Recent economic and social achievements

3. Real GDP growth increased steadily from 3.7 percent in 2000 to 7.3 percent in 2008.

This growth was fostered by significant debt relief which provided the country with fiscal space to embark on critical infrastructure investments, particularly in the energy and road sectors, as well as targeted social spending, all under the Ghana Poverty Reduction Strategy (GPRS). The combination of higher output growth, declining inflation, and improved social spending under the GPRS framework contributed significantly to lower poverty levels. The national incidence of poverty declined from 39.5 percent in 1998/99 to 28.5 percent in 2005/06. At this rate, Ghana is poised to achieve the Millennium Development Goal (MDG) of halving extreme poverty ahead of 2015.

4. In the education sector, gross enrolment ratios have increased. A major initiative for improved enrolment ratios was the abolition of mandatory school fees for basic education and the introduction of capitation grants in the 2005–06 academic year. 5. In the health sector, there have been progressive improvements in the delivery of a number of important outputs. Most notable are: increase in life expectancy from 55 years in 2003 to 57.9 in 2006; the introduction of a pre-paid National Health Insurance Scheme in 2004; and the introduction of free maternal care for expectant mothers. These, together, have put healthcare within the reach of the poor and vulnerable groups.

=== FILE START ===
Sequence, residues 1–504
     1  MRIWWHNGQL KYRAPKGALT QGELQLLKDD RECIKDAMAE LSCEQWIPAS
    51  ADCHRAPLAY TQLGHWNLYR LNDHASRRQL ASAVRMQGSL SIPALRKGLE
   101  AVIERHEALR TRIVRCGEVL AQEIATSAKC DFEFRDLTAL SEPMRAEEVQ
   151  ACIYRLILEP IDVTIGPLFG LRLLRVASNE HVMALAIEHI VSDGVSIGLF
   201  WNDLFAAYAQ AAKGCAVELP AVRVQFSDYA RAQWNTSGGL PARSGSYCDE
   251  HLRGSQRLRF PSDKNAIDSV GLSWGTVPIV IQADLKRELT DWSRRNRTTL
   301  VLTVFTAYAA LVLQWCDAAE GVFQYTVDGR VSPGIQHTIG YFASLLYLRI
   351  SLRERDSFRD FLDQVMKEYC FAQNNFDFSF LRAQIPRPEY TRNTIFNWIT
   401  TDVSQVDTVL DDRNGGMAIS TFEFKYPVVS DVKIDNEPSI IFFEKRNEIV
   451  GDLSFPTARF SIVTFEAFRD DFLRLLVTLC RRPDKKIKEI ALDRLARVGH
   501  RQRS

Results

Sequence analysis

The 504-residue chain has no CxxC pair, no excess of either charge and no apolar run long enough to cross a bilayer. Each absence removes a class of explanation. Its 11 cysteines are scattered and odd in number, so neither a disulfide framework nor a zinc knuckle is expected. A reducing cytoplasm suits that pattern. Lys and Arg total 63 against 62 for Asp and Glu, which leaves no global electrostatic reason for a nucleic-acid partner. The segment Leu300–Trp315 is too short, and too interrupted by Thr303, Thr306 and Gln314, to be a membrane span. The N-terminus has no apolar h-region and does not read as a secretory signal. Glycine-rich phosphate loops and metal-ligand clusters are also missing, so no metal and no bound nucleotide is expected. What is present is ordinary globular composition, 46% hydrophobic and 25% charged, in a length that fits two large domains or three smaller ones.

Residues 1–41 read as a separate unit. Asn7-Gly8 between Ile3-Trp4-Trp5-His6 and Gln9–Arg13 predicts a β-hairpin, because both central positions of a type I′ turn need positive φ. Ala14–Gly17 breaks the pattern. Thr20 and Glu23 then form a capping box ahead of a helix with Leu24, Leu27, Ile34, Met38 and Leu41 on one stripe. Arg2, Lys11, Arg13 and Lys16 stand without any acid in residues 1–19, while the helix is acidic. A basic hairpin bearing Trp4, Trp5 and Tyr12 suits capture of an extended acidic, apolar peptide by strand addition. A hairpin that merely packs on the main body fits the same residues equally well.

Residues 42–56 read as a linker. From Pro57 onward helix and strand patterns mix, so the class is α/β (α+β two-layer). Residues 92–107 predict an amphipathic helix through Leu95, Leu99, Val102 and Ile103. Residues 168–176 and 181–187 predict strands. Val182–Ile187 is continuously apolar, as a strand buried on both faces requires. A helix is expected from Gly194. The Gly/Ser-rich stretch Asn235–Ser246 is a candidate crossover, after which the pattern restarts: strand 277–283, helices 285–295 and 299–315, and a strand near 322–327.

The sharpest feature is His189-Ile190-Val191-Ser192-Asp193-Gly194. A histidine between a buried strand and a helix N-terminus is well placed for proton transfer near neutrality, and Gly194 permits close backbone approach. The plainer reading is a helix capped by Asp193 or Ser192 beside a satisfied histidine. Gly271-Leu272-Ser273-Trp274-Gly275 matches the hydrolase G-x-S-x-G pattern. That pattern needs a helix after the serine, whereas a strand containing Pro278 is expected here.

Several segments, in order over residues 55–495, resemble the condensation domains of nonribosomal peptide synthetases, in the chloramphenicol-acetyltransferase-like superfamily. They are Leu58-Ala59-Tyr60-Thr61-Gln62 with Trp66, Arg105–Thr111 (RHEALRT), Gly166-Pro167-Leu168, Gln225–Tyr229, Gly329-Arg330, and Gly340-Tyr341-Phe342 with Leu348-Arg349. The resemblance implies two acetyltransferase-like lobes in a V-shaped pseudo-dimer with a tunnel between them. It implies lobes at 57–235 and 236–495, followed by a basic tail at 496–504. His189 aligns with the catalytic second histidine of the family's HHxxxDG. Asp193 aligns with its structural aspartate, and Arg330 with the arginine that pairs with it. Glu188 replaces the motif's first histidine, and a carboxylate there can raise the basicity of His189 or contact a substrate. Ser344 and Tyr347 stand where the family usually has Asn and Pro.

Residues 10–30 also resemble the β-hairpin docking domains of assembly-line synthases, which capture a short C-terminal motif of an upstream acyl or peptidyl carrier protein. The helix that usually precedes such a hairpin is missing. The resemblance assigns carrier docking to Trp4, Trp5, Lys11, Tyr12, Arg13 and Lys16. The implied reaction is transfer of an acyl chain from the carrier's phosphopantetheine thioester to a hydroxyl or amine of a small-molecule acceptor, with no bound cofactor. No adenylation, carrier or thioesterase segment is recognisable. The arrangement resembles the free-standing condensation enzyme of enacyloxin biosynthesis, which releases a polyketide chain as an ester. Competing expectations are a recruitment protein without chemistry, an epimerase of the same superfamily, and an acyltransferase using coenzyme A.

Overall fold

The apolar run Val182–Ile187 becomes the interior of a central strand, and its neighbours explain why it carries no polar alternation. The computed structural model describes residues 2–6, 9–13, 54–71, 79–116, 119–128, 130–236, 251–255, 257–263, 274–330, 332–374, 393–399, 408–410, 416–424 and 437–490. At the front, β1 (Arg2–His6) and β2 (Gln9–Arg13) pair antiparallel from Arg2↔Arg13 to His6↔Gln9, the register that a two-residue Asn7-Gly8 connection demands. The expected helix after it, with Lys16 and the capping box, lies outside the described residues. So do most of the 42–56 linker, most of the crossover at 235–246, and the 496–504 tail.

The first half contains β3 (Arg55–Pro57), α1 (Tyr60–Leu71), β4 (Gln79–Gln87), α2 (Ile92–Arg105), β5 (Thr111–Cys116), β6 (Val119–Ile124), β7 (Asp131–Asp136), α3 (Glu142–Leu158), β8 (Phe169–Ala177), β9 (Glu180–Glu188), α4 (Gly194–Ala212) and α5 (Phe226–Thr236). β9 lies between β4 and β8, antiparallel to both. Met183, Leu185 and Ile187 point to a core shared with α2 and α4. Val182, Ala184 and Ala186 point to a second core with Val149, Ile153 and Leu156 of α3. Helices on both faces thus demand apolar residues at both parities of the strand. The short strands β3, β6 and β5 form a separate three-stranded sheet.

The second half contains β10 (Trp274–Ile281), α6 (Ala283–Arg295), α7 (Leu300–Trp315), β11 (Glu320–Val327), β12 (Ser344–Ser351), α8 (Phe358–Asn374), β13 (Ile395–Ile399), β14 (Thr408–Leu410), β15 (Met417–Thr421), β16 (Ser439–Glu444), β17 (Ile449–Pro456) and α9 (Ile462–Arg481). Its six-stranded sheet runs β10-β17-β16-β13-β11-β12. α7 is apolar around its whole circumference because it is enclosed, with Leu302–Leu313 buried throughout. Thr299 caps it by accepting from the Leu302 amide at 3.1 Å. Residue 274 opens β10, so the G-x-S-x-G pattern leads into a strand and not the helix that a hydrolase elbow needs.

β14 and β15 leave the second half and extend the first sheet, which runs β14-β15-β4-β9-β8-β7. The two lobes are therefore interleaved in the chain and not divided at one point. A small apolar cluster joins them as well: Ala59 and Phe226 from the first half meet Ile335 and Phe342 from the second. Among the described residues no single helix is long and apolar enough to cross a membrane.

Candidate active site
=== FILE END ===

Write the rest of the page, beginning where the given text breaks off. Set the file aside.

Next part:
6. Gender disparities are gradually declining in some areas of service provision, such as in primary education, where the country has almost achieved gender parity. Recent estimates suggest that gross enrolment ratios have been higher for girls than for boys putting Ghana on track to achieve MDG 3 (gender parity in primary enrolment).

7. The improved macroeconomic environment during the period paved the way for Ghana to make a debut on the international capital markets in October 2007, raising US$750 million as additional capital targeted at infrastructural development for growth, especially in the key area of energy.

8. In the financial sector, important structural and institutional reforms have also been undertaken recently. In particular, a comprehensive legal and regulatory framework and strengthened risked-based prudential supervision policies have been put in place to further deepen the financial sector and safeguard the safety and soundness of the financial system. Macroeconomic stress during 2007–08

9. In spite of the progress in the macroeconomic and structural areas, the economy has come under severe stress since 2006. The macroeconomic situation deteriorated sharply on the back of both domestic and external shocks. In 2006–07, Ghana suffered a severe energy crisis as a result of severe drought, leading to a significant shift from a predominant hydro to thermal power generation at a time of rising crude oil prices, with adverse impacts on the economy.

10. The global food and fuel price increases in 2007–08 adversely impacted most sub- Saharan African countries, including Ghana. In the context of these global shocks and the 2008 elections, public sector spending increased substantially, raising the fiscal deficit from 7.5 percent of GDP in 2006 to 14.5 percent of GDP in 2008. Contributing to the strong fiscal expansion were high energy-related subsidies, increased infrastructure investment, higher wages and salaries, and a rise in social mitigation expenditures to dampen the effects of the global price shocks.